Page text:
How to survive Shrove Tuesday and a rainy afternoon during half-term.
Sometimes there’s a gulf between the anticipated bliss and the reality of baking with young children. So it’s best to be prepared; my preparations for baking with children extend beyond washing my hands and putting on a pinny and just short of dropping a couple of Mogadon.
It’s definitely a good idea to be in a relaxed sort of mood, one in which you will be as enchanted by the puffy clouds of icing sugar as your children.
The recipe for successful baking with children goes something like this – take one rainy day, a bombproof recipe and a clear diary.
Shrove Tuesday Pancakes
A sense of fun is definitely required for Shrove Tuesday, inevitably house hounds will capitalise on tossing fatalities so to avoid tears either brief the kids on the potential collateral damage or contain the dog.
Tastes vary in our house so our table groans with all manner of pancake condiments, lemon, sugar, nutella, jam, banana, and pear – whatever gets you through the bite.
Makes: Enough for even the largest family to lose a few and still enjoy a pancake or two.
250g plain flour
a pinch of salt
2 free range eggs
500ml, or so milk and another drop if required
Sunflower or other flavourless oil.
Sift the flour and salt into a large bowl, make a well and break the eggs in. Add around half the milk and using a balloon whisk, get whisking. Gradually draw the flour in from the edges and prepare for claggy mess to fly round the kitchen. Gradually add the remaining milk to the claggy mixture until you have a smooth batter.
Pour a tablespoon of oil into a non-stick frying pan; shimmy the pan to coat and pour off the excess oil until on a sparse film is left. The flame should be just below full and the pan barely smoking. A full ladle of batter makes a standard sized pancake, smaller ones may be easier for younger children to toss and catch. Tilt the pan and run the batter around the pan, it’s ready to flip as soon as it bubbles. Loosen by shaking gently or run a palette knife around the edges to encourage it. Flip and cook briefly before sliding onto a plate. I generally find the first pancake is a bit sticky and stodgy – a sacrificial offering. Gobble them up, then and there.
Bookstop Café Chocolate Chip Cookies
Cookies are absolutely brilliant for baking with children, kids can get right in there up to their elbows and knock seven bells out of the dough and they still taste yummy. This recipe returned with me twenty years ago from Queenstown, New Zealand. I baked variations of it every day in my café and taught the young students who worked for me – including a medical student (now a Pediatric Consultant) whose mother claimed he was un-teachable – how to turn out a perfect cookie with bite on the outside and a little bit of chew inside.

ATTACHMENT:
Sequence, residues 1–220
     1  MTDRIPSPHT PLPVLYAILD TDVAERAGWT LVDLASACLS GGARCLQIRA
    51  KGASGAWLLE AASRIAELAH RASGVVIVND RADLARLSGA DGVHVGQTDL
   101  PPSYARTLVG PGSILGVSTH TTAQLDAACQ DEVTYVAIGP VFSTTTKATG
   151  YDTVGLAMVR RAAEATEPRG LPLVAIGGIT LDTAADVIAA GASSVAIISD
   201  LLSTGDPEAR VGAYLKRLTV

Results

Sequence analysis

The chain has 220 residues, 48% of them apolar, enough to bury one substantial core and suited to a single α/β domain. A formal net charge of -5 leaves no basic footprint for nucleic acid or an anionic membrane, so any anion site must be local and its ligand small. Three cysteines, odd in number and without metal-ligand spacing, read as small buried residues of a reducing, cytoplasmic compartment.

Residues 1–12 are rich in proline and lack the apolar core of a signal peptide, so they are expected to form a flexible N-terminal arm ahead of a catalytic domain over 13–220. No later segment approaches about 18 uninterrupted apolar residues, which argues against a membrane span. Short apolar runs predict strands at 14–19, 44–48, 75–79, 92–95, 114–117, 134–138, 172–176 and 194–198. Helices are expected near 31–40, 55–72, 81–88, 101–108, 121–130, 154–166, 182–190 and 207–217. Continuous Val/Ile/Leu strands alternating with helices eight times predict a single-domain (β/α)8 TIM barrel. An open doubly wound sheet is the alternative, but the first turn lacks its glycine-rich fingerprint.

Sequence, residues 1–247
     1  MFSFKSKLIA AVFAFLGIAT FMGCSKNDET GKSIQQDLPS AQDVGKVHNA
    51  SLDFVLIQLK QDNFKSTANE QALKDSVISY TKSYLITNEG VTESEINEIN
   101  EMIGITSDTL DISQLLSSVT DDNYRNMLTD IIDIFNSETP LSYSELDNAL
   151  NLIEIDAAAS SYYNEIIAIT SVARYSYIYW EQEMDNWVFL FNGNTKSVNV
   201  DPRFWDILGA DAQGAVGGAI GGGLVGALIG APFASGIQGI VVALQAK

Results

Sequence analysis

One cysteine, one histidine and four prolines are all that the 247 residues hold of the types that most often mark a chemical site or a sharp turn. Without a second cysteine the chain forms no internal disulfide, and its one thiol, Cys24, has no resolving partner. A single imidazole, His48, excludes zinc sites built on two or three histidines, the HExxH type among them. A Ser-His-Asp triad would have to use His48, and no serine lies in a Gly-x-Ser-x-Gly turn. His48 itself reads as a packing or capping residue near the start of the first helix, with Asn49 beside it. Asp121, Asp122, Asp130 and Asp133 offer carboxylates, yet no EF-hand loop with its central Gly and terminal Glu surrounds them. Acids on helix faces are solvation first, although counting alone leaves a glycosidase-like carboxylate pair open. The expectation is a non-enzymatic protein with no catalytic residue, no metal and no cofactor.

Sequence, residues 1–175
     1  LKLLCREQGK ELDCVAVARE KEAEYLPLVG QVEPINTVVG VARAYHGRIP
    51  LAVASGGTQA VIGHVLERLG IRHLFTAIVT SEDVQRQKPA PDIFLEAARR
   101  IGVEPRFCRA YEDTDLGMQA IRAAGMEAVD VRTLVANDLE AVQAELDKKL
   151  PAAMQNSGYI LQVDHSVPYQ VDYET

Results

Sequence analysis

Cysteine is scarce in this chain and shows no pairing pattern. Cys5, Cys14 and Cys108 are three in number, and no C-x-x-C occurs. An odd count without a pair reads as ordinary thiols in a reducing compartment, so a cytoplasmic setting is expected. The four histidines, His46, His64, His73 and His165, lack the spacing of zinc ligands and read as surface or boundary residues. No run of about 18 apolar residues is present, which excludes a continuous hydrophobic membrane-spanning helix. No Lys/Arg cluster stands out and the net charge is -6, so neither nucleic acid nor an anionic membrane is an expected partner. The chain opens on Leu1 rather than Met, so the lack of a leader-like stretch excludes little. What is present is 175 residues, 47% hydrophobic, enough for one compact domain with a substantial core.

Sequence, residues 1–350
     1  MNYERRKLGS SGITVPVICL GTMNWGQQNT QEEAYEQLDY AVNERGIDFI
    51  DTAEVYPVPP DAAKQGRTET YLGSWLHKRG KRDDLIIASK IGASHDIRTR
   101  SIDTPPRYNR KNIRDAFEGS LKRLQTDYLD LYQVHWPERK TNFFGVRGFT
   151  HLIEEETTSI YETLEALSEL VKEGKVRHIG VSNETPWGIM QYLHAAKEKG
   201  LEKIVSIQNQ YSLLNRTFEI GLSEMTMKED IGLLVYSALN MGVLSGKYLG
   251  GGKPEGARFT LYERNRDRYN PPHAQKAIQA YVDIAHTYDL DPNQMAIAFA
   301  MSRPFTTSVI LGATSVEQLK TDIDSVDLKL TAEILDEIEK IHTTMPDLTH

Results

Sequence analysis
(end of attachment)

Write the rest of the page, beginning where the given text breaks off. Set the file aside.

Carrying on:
Take the basic recipe and run with it – throw in whatever you like.
Makes enough to fill whole families of tummies.
1 cup butter
1 cup caster sugar
1 cup soft brown sugar
1 tsp vanilla extract
2 free range eggs
2 cups plain flour
1 tsp baking powder
2½ cups oatmeal
100g bar of milk choc smashed into smallish chunks – not too small
1½ cups nuts – peanuts, pecans or hazelnuts work well.
Cream together the butter, sugar and vanilla extract until light and fluffy. Beat in the eggs, one by one then sift in the flour and baking powder and mix. Add the oatmeal, choc chunks and nuts. Then little hands can get to work making golf ball sized dollops to lay on a greased baking tray before putting in the oven for around 12 mins. The cookies will spread so leave plenty room between them and take them out just as they begin to colour at the edges.
Pour a long glass of milk and enjoy.
White chocolate & apricot: Increase the flour to 3 cups, lose the oatmeal, replace the milk chocolate with white and substitute the nuts with apricots.
Honey, oatmeal and raisin: add a tablespoon of honey when creaming the butter, sugar and vanilla extract; lose the chocolate and the nuts, adding instead 2½ cups of raisins.
Half Baked Cakes Vanilla Cupcakes
Half Baked Cakes in Kelso bake the most incredible cakes. Their cupcake wedding favours have a lovely vintage charm and these weather themed cupcakes are a great inspiration for artistically inclined baking kids.
Butter icing is easiest for little hands in a robust icing syringe rather than an icing bag, which is messy and liable to burst. Ensure you have loads of edible glitter and bits and bobs to decorate the cupcakes, Lakeland and Hobbycraft are both good sources.
Makes: 12 muffins.
170g caster sugar
3 free range eggs, beaten
1tsp vanilla extract
225g self raising flour
1 ½ tbsp milk
Cream together the butter and sugar until light and fluffy, gradually add the beaten eggs and the vanilla extract. Sift the flour and fold in gently. Loosen if necessary with the milk and divide between cupcake cases in a non-stick muffin tray.
Bake for 15 mins or until lightly golden.
Tip. Do not overfill the cases, once risen they should sit below the level of the cupcase to allow room for icing.
140g softened butter
280g icing sugar
1-2 tsp milk
a drop, or two food colouring
Beat the butter until soft, add half the icing sugar –beware the puffy clouds – then add the remaining icing sugar a spoonful at a time and the milk until the mixture is smooth and creamy.